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      Deep faunistic turnovers preceded the rise of dinosaurs in southwestern Pangaea

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          The origin and early evolution of dinosaurs.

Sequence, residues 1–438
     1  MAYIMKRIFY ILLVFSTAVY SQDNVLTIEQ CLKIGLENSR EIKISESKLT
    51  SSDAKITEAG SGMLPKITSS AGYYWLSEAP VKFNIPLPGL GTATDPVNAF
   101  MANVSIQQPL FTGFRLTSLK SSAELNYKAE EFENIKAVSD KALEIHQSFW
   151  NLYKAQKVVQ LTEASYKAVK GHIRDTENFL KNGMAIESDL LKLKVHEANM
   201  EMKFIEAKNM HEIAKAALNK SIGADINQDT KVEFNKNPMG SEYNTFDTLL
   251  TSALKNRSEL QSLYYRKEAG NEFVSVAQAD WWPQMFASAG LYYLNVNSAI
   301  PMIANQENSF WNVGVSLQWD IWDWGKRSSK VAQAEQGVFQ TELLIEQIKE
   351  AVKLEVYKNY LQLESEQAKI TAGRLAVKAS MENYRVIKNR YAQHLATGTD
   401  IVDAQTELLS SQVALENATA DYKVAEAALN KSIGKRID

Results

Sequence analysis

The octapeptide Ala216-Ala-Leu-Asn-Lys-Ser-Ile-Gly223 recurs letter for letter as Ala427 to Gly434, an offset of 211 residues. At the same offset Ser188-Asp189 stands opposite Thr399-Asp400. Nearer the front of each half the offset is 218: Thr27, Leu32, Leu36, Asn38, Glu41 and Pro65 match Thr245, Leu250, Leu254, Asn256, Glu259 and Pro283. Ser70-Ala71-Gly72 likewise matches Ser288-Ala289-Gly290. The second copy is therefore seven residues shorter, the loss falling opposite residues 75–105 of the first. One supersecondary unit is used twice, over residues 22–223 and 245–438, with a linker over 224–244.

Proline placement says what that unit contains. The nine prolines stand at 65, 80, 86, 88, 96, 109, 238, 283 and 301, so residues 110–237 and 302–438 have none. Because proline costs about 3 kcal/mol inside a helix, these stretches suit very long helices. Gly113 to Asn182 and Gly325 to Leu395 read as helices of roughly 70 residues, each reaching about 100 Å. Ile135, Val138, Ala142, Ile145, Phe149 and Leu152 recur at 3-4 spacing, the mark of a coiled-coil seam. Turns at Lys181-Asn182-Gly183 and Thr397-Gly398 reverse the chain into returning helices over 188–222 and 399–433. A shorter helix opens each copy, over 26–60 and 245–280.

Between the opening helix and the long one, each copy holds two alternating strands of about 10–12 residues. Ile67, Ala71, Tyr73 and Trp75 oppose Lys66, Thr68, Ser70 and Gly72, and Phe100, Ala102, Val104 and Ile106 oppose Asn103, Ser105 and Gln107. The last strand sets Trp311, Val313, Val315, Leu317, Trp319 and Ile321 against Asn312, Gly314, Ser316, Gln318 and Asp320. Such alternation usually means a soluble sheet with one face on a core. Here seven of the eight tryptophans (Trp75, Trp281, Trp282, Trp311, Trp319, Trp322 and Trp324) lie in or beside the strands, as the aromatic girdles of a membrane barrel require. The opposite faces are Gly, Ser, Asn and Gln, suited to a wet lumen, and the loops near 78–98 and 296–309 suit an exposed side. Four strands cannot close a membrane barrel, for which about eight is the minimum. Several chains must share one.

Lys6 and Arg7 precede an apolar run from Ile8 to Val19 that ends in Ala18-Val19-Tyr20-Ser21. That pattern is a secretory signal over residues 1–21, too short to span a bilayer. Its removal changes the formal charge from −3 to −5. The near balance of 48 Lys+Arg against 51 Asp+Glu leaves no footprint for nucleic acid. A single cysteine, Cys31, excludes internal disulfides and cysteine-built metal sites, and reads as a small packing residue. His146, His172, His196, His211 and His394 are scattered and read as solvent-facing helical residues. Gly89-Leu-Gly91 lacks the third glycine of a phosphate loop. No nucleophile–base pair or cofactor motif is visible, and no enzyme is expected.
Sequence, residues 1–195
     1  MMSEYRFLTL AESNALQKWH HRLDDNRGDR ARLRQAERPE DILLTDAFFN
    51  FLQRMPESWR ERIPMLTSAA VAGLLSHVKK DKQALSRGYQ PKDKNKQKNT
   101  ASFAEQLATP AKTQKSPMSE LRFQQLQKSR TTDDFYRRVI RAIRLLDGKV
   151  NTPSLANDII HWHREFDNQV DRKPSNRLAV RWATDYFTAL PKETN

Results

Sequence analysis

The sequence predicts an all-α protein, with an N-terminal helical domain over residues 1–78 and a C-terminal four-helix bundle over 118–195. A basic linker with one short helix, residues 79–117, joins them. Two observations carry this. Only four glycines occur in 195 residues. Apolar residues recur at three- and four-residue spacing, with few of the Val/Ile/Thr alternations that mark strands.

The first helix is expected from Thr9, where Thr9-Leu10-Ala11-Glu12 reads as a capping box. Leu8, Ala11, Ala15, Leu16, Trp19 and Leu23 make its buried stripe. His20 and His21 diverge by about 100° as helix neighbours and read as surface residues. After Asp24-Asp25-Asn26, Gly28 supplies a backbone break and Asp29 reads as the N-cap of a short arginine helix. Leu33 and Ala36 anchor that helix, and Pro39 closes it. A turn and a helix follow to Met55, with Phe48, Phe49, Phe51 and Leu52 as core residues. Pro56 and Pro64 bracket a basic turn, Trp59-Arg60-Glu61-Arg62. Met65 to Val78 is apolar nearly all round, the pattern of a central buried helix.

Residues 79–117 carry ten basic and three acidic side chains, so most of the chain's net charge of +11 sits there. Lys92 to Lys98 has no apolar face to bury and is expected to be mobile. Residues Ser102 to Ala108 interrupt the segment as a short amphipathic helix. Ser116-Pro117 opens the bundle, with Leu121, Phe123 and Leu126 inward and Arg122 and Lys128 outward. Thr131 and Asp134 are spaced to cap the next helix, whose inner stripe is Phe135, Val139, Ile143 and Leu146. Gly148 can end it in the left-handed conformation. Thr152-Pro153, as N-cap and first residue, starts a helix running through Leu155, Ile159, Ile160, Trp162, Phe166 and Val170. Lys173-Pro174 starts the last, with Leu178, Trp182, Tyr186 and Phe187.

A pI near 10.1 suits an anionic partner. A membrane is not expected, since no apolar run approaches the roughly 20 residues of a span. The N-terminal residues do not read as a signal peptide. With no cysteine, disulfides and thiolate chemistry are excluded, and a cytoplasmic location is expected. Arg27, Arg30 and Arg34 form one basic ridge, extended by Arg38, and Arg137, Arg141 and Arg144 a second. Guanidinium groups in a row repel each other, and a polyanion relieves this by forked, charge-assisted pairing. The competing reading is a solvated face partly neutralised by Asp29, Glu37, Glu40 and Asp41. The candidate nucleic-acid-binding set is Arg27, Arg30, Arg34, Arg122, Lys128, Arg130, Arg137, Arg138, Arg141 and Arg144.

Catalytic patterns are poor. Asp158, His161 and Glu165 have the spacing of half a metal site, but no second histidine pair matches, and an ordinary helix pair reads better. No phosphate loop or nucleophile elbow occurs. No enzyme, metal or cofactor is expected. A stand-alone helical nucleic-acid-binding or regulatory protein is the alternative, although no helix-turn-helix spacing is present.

The oldest unequivocal records of Dinosauria were unearthed from Late Triassic rocks (approximately 230 Ma) accumulated over extensional rift basins in southwestern Pangea. The better known of these are Herrerasaurus ischigualastensis, Pisanosaurus mertii, Eoraptor lunensis, and Panphagia protos from the Ischigualasto Formation, Argentina, and Staurikosaurus pricei and Saturnalia tupiniquim from the Santa Maria Formation, Brazil. No uncontroversial dinosaur body fossils are known from older strata, but the Middle Triassic origin of the lineage may be inferred from both the footprint record and its sister-group relation to Ladinian basal dinosauromorphs. These include the typical Marasuchus lilloensis, more basal forms such as Lagerpeton and Dromomeron, as well as silesaurids: a possibly monophyletic group composed of Mid-Late Triassic forms that may represent immediate sister taxa to dinosaurs. The first phylogenetic definition to fit the current understanding of Dinosauria as a node-based taxon solely composed of mutually exclusive Saurischia and Ornithischia was given as "all descendants of the most recent common ancestor of birds and Triceratops". Recent cladistic analyses of early dinosaurs agree that Pisanosaurus mertii is a basal ornithischian; that Herrerasaurus ischigualastensis and Staurikosaurus pricei belong in a monophyletic Herrerasauridae; that herrerasaurids, Eoraptor lunensis, and Guaibasaurus candelariensis are saurischians; that Saurischia includes two main groups, Sauropodomorpha and Theropoda; and that Saturnalia tupiniquim is a basal member of the sauropodomorph lineage. On the contrary, several aspects of basal dinosaur phylogeny remain controversial, including the position of herrerasaurids, E. lunensis, and G. candelariensis as basal theropods or basal saurischians, and the affinity and/or validity of more fragmentary taxa such as Agnosphitys cromhallensis, Alwalkeria maleriensis, Chindesaurus bryansmalli, Saltopus elginensis, and Spondylosoma absconditum. The identification of dinosaur apomorphies is jeopardized by the incompleteness of skeletal remains attributed to most basal dinosauromorphs, the skulls and forelimbs of which are particularly poorly known. Nonetheless, Dinosauria can be diagnosed by a suite of derived traits, most of which are related to the anatomy of the pelvic girdle and limb. Some of these are connected to the acquisition of a fully erect bipedal gait, which has been traditionally suggested to represent a key adaptation that allowed, or even promoted, dinosaur radiation during Late Triassic times. Yet, contrary to the classical "competitive" models, dinosaurs did not gradually replace other terrestrial tetrapods over the Late Triassic. In fact, the radiation of the group comprises at least three landmark moments, separated by controversial (Carnian-Norian, Triassic-Jurassic) extinction events. These are mainly characterized by early diversification in Carnian times, a Norian increase in diversity and (especially) abundance, and the occupation of new niches from the Early Jurassic onwards. Dinosaurs arose from fully bipedal ancestors, the diet of which may have been carnivorous or omnivorous. Whereas the oldest dinosaurs were geographically restricted to south Pangea, including rare ornithischians and more abundant basal members of the saurischian lineage, the group achieved a nearly global distribution by the latest Triassic, especially with the radiation of saurischian groups such as "prosauropods" and coelophysoids.